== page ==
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The Future of Left Turn: We have some major news about the future of Left Turn. We have published the final issue of our print publication. This decision did not come easily, but in the end we felt we had no choice. This is not, however, the end of Left Turn...Read more

June 01, 2006
    People often fail to realize that although the contemporary gay rights movement is currently utilizing much of its resources for marriage rights, it is a movement that has rebellious, even revolutionary roots. Even fewer people realize the crucial role that multi-racial, mostly working class, transgender and gender variant people played in this history.

The notorious shoe which set off New York’s now famous Stonewall Riot in 1969 was slung by the legendary Sylvia Rivera, a Latina transgender woman. One year later, Rivera co-founded Street Transvestites Action Revolutionaries (STAR), which organized transwomen of color in New York until the mid-90s.

June 01, 2006
    It has been over ten years after the imposition of NAFTA and the WTO, the Zapatistas’ uprising and the beginnings of global coordination of actions inspired by this new radicalism. It has been six years since the mass direct actions confronting the WTO in Seattle and the IMF and World Bank in DC. David Solnit explores important questions for these movements: What are the past lessons and future possibilities of summit mobilizations? What major challenges do we face? How do we define victory?

There is no global justice movement.

February 01, 2005
    The No One is Illegal Campaign across Canada brings together immigrants, refugees and allies in full confrontation with Canadian colonial border policies. We struggle for the right for our communities to maintain their livelihoods and resist war, occupation and displacement, while building alliances and supporting indigenous sisters and brothers also fighting theft of land and displacement.

Borders, a creation of colonization, are the cartographies of anti-racist and anti-imperialist struggle. As a Chicana protestor declared, "We didn't cross the border, the border crossed us." The majority of displaced throughout the world are indigenous peoples in the settler states or from communities of colour in Latin America, the Caribbean, Asia, and Africa.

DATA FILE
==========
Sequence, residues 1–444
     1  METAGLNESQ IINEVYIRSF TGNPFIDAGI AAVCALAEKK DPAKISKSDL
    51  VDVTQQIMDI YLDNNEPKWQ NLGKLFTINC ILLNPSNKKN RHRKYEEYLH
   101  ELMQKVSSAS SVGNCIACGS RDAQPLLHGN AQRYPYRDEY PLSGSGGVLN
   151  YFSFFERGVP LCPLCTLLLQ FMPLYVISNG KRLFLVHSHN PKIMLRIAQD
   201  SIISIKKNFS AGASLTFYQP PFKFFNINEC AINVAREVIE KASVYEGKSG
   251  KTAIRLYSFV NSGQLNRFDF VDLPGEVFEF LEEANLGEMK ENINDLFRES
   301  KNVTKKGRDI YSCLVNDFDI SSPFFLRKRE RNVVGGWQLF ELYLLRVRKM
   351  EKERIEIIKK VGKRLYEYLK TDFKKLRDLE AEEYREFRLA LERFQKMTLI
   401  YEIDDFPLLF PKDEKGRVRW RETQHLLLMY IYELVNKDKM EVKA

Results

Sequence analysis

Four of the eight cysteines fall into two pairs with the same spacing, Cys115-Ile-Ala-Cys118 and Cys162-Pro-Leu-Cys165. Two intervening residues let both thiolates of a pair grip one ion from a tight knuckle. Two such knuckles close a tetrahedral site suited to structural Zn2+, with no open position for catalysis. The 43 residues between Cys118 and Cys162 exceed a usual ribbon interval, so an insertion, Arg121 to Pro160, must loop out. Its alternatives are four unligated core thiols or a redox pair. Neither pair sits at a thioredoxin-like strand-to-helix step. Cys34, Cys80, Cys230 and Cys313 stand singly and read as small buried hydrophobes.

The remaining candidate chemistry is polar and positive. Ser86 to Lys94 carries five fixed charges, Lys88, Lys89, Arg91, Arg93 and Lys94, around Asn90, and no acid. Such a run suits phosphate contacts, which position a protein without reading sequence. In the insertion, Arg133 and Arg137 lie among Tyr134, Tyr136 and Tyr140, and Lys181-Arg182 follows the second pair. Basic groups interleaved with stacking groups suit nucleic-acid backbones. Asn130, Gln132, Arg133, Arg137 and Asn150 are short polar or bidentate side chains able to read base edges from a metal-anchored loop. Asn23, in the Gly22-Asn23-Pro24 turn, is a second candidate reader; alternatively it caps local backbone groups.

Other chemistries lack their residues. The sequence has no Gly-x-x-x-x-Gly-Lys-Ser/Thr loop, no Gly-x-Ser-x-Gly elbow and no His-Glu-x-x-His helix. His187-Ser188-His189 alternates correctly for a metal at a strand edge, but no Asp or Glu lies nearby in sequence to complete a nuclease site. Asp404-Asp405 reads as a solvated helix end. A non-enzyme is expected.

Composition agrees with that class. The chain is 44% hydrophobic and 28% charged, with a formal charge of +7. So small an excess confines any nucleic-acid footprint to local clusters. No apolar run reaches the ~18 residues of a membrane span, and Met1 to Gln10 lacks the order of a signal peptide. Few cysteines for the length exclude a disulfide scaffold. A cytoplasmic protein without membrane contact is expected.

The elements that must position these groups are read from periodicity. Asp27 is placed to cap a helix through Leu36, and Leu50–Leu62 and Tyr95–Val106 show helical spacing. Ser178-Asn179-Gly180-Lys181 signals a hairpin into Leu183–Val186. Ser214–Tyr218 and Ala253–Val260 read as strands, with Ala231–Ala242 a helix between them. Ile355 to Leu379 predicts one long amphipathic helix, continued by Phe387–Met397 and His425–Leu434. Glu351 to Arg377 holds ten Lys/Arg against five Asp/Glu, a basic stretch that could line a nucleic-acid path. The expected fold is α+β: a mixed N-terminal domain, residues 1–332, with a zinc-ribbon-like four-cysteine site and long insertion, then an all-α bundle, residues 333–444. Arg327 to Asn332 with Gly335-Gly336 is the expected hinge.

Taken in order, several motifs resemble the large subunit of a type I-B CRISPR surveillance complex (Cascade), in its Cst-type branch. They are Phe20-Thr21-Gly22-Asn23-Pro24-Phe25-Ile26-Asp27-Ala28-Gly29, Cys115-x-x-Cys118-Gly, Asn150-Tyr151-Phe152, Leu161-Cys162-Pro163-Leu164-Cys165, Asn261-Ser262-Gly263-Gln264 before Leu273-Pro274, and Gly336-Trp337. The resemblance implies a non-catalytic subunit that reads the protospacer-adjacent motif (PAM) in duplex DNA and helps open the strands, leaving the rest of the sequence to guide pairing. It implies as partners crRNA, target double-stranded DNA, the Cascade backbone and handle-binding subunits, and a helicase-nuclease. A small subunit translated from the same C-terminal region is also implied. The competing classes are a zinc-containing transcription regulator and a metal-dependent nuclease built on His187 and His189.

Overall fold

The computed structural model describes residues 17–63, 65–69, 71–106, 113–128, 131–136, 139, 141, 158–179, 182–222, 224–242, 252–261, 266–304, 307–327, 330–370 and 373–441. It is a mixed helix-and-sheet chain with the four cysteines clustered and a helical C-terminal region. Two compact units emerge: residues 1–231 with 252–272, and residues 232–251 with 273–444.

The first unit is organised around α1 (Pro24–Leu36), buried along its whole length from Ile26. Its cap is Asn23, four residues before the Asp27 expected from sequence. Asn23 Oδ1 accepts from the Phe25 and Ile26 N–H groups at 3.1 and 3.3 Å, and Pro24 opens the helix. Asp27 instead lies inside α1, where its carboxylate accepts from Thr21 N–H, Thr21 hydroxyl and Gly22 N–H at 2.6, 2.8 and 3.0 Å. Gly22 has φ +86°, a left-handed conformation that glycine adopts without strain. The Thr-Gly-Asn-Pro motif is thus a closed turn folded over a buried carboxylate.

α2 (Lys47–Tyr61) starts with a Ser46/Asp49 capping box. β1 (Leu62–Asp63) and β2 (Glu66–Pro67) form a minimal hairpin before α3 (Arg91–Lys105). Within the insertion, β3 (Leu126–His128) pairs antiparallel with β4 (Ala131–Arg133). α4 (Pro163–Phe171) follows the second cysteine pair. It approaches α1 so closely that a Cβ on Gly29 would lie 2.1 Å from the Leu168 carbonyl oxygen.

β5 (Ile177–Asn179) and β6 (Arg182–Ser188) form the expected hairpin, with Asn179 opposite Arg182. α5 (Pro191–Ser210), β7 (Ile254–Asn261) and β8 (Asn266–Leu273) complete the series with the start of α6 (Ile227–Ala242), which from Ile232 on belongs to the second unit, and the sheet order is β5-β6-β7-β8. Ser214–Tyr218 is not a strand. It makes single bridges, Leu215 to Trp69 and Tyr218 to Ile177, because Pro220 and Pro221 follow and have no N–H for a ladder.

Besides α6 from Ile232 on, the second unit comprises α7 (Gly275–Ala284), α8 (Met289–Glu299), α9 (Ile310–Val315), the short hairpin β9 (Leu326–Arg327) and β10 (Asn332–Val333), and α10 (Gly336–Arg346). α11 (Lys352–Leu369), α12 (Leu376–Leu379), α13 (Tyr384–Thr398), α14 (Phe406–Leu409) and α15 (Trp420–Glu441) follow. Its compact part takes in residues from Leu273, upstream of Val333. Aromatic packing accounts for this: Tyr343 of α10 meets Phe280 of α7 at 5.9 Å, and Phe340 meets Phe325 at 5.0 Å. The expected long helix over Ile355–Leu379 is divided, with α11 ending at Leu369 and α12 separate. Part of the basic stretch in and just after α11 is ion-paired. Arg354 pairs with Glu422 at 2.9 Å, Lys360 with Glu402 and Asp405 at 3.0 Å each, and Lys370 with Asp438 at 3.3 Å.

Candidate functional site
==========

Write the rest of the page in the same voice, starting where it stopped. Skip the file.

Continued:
February 01, 2005
    “We need an analysis that furthers neither the conservative project of sequestering millions of men of color in accordance with the contemporary dictates of globalized capital and its prison industrial complex, nor the equally conservative project of abandoning poor women of color to a continuum of violence that extends from the sweatshops through the prisons, to shelters, and into bedrooms at home. How do we develop organizing strategies against violence against women that acknowledge the race of gender and the gender of race?”—Angela Y. Davis, keynote address, Color of Violence Conference, April 2000, University of Santa Cruz, CA.

Born out of the first groundbreaking Color of Violence conference held in 2000, INCITE!

February 01, 2005
    The war becomes really up close and personal when you’re advocating for GIs and their families. Case-by-case, the impotence and raw pain endured by family members and the corrosive aberrant shift in the psyche of the young foot soldier both overwhelms and obsesses you. You get a guttural, visceral sense of war.

It is our intention to undermine militarism — one discarded soldier, one war-tortured Marine, one suffering family at a time. We intend to hold a mirror incessantly in the face of the American public until the mask that tells us “war is glorious” and “we can liberate through warfare” falls away. And, in our own outrage, we are hopeful. Hopeful because something wonderful and exciting is happening here and across the country — there is an awakening occurring.